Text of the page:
Tips and ideas to lead models during a photoshoot

Giving directions to models isn’t always an easy task.

I have been doing photography for few years now and went through enough photoshoots to share some of my experience in the matter.

Leading a model implies to interact with people, which is obvious indeed but you need to be at ease with strangers, and this wasn’t the case for me at first.

I remember, a decade ago already, looking for jokes to tell my models in order to make them comfortable… Awkward! Although going through this helped me being more confident and giving clearer directions about what I wanted to achieve.

I will share with you what I have learnt all these years taking people in photo.

1. Prepare your photoshoot

Unless I want to test ideas or how it feels like to work with someone, I try to prepare a moodboard. No need to stress about that part, you can save some photos or inspiration you like in a folder or within a board in Pinterest (for example). Make sure you have a defined idea about what you want to do, depending the type of the photoshoot you might not be able to go exactly according to plan since many surprises can happen.

2. Contact your model

There are many ways to contact models. You can find a lot of dedicated Facebook groups in your area (plenty of them where I live, in Sydney), or through specialised websites such as modelmayhem.com.

Always be respectful when you get in touch. Be clear with your expectations, what counterpart you are offering. A lot of experienced models will ask for money which is fair if you have nothing to bring to their portfolio. When we talk about collaboration (exchange of good services) we talk about TFP which stands for « Time for prints » (but don’t worry, no one really expect you to print your files after the shoot, but you need to share the best of them at least).

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3. During the first minutes of the session

Break the ice!

Always expect the first minutes (~30min) to be a bit tense, but don’t stress, it will get better. Unless very experienced, it’s quite hard to be at ease with someone we don’t know, from the photographer side as well as the model’s one. It can be a good time to review your ideas, communicate about your expectations etc.

On my end, I have a tendency of (over) talking about things, trying to get to know the person, joking around and making sure the person feels at ease with me. Another trick is to play music, it will be better than nothing specially if you’re in a studio.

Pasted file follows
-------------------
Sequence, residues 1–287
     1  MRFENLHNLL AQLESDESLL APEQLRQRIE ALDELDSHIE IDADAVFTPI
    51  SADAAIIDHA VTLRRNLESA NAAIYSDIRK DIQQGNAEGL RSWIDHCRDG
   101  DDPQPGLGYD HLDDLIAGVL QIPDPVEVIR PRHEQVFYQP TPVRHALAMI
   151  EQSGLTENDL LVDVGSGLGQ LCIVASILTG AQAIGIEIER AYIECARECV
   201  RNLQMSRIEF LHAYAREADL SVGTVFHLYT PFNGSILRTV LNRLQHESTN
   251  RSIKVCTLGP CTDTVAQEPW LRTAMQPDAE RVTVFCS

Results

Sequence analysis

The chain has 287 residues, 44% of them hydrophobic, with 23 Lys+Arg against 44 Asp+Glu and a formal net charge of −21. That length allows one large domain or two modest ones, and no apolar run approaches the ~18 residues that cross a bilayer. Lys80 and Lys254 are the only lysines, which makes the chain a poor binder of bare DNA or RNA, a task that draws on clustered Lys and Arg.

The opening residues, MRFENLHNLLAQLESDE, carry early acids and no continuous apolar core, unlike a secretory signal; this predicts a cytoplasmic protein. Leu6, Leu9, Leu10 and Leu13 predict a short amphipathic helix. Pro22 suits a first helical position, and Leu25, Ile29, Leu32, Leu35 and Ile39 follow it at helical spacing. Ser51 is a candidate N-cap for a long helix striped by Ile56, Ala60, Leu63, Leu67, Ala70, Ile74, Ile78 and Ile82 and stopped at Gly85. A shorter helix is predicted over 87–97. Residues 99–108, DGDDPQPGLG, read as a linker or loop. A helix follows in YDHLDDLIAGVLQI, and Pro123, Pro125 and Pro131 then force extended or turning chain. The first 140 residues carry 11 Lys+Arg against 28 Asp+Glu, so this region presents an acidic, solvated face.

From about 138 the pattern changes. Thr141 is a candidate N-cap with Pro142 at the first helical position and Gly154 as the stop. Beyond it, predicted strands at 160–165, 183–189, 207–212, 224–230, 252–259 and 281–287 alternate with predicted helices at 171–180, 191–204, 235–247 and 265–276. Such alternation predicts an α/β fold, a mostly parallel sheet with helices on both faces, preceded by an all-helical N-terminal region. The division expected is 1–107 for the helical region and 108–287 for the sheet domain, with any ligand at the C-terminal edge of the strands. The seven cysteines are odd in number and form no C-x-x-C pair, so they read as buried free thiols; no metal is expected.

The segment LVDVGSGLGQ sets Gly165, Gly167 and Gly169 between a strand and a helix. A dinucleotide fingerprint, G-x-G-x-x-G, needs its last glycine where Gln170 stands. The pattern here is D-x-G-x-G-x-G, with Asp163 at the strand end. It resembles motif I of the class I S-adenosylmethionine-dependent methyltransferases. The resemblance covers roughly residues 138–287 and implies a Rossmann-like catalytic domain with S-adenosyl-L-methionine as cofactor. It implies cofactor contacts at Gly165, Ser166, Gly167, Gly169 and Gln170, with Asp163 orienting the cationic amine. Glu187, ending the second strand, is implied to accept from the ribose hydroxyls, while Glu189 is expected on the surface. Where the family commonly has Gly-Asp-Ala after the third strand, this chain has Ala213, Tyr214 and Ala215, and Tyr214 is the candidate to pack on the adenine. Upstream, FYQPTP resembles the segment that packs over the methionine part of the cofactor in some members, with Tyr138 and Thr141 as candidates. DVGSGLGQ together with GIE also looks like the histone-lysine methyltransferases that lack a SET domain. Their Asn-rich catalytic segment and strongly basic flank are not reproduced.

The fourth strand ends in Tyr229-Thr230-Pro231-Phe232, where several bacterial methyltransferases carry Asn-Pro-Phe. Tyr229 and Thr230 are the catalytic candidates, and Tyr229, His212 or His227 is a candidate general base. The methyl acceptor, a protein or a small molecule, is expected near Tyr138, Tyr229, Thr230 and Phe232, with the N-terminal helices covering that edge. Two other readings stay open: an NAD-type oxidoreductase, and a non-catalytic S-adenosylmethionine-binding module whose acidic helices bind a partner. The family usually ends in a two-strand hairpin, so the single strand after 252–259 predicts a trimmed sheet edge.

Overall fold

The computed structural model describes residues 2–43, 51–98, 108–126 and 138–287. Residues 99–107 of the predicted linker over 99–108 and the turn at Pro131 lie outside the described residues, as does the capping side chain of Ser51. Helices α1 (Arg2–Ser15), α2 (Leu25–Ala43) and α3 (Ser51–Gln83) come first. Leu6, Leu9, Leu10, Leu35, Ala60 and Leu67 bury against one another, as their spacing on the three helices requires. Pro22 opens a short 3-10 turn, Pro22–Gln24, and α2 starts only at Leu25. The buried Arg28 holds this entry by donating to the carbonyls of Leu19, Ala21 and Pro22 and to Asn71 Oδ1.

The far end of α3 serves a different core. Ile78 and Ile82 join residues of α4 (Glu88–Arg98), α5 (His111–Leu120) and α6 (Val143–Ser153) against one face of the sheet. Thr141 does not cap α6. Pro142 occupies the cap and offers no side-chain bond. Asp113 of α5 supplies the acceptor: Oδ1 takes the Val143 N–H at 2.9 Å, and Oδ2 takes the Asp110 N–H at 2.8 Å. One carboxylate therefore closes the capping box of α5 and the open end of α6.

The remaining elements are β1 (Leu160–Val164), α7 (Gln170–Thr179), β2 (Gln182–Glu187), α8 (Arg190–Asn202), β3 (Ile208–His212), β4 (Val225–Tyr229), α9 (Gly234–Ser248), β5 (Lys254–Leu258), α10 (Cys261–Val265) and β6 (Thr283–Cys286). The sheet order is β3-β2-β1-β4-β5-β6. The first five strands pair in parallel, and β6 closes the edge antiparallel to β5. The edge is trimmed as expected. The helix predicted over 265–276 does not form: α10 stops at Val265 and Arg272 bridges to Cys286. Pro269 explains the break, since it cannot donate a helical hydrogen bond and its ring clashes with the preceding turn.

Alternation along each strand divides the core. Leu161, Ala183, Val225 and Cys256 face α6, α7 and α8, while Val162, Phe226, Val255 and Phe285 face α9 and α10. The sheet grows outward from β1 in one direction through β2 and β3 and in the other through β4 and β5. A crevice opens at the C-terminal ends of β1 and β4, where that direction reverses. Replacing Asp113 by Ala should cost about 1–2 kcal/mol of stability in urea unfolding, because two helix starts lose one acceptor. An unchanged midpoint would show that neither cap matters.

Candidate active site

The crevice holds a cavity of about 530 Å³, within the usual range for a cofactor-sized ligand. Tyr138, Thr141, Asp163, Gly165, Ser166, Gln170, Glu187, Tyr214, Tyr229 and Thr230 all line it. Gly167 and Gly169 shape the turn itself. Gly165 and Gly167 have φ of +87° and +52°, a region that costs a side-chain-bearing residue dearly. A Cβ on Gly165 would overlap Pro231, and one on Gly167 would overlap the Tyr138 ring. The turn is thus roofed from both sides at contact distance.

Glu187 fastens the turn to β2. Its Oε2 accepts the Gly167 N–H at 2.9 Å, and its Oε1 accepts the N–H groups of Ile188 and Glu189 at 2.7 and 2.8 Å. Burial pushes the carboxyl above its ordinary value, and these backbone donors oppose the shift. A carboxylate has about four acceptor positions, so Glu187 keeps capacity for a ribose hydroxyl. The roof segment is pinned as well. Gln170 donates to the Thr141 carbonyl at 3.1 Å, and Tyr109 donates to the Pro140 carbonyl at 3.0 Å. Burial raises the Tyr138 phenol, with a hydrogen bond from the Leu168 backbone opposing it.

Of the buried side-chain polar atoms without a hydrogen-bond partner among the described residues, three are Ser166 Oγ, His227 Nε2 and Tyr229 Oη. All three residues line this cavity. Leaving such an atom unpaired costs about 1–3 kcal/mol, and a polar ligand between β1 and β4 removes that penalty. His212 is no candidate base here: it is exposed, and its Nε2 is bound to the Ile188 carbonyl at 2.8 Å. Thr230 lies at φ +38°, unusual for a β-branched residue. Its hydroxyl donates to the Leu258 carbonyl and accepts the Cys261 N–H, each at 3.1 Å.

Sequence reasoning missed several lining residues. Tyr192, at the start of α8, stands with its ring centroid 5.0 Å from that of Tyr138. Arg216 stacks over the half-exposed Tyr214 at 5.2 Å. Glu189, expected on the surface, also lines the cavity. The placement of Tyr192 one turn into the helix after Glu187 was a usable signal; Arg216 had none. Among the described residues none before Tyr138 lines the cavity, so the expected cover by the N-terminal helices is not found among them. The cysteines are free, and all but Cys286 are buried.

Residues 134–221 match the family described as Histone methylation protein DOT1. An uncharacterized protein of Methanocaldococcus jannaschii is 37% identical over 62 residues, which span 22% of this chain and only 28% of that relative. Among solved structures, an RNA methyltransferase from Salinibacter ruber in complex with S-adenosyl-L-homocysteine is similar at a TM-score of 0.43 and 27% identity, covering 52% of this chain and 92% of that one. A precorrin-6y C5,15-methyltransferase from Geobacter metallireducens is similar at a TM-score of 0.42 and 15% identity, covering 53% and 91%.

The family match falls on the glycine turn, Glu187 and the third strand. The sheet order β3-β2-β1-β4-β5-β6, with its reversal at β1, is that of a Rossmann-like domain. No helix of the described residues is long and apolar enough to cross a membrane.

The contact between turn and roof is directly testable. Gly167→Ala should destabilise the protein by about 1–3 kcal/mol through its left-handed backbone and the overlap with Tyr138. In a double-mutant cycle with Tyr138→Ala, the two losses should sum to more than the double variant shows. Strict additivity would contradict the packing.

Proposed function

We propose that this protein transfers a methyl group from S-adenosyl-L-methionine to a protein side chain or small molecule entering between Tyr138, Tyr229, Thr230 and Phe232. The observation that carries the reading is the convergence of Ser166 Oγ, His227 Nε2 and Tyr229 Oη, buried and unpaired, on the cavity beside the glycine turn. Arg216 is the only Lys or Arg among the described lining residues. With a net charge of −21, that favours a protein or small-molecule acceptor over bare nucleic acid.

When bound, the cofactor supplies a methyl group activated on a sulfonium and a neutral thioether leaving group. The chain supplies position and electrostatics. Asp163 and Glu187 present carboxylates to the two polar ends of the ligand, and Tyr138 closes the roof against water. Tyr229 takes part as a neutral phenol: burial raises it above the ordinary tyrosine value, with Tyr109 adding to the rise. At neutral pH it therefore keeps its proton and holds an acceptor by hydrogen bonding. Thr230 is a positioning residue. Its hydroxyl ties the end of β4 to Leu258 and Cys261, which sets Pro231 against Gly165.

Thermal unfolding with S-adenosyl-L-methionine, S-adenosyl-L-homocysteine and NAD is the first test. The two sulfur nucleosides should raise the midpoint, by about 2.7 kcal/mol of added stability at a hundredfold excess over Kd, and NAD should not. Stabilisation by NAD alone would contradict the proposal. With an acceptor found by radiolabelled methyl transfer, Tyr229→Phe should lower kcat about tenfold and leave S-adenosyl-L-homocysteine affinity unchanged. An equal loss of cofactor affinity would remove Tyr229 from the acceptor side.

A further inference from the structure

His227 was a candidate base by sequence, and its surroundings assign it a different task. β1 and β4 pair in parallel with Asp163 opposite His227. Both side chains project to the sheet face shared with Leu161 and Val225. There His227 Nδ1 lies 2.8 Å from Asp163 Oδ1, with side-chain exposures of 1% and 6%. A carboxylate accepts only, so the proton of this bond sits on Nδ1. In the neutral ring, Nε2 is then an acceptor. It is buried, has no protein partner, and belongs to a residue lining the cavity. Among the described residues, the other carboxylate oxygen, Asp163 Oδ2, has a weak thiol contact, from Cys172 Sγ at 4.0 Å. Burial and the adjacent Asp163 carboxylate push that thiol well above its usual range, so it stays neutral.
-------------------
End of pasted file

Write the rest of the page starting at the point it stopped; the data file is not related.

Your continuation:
4. About poses

Something I noticed along the way, but there are few tips to help your model pose better. If showing inspo of poses from your photos doesn’t work, you can ask your model to break the balance.

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What does it mean? Just imagine someone standing still like in the photo bellow. Because a photo is in two dimension and « frozen » as opposed to the vision we got from our eyes, we need to add a bit of dynamism in order to make it more interesting to the viewers.

You can ask your model to lower one of their shoulder, raise a hand, put a foot forward but not the other one, etc. The idea is to not have asymetrie (unless that’s what you’re going for, of course).

We often say that the devil lies in the details. Watch out for these small things that make a good or bad photo. It can be a hand in the wrong place, the eyes looking away, a bad angle, etc.

5. Tips for the head

Whenever you shoot outdoors, you want to make sure the light falls nicely on your model’s face, but it’s not easy to verbally explain how to move their head.

I have a little tip, I always use 3 key points along with 3 dedicated verbs.

  1. The chin: I will ask the model to move it up or down.
  2. The nose: I will request to turn it left or right.
  3. The forehead: I will say to tilt it to the left or right.
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With the help of these 3 points, I can adjust their face to suit the light as well as possible. Remember that everyone has one best side profile.

6. Explore angles

Sometimes you have to lower your point of view, or get higher. Remember that you can make a photoshoot more interesting by adding variety to your composition. Explore, try and learn from it!

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7. Hands down

Last but not least, the hands. Always beware of the tensed ones. Avoid the spider syndrome where the model shows their claws.

Hands can express a various range of emotions, this can create a soft and delicate image or can express rage or stress, up to you to manage that.

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Finally…

Thank you for your attention, I hope you learnt few things from this short article. I am really passionate about photography and I will probably share more of my little experience here.

This article is a translation from an old one I wrote in French few years ago. Camille helped me by posing and illustrates this article.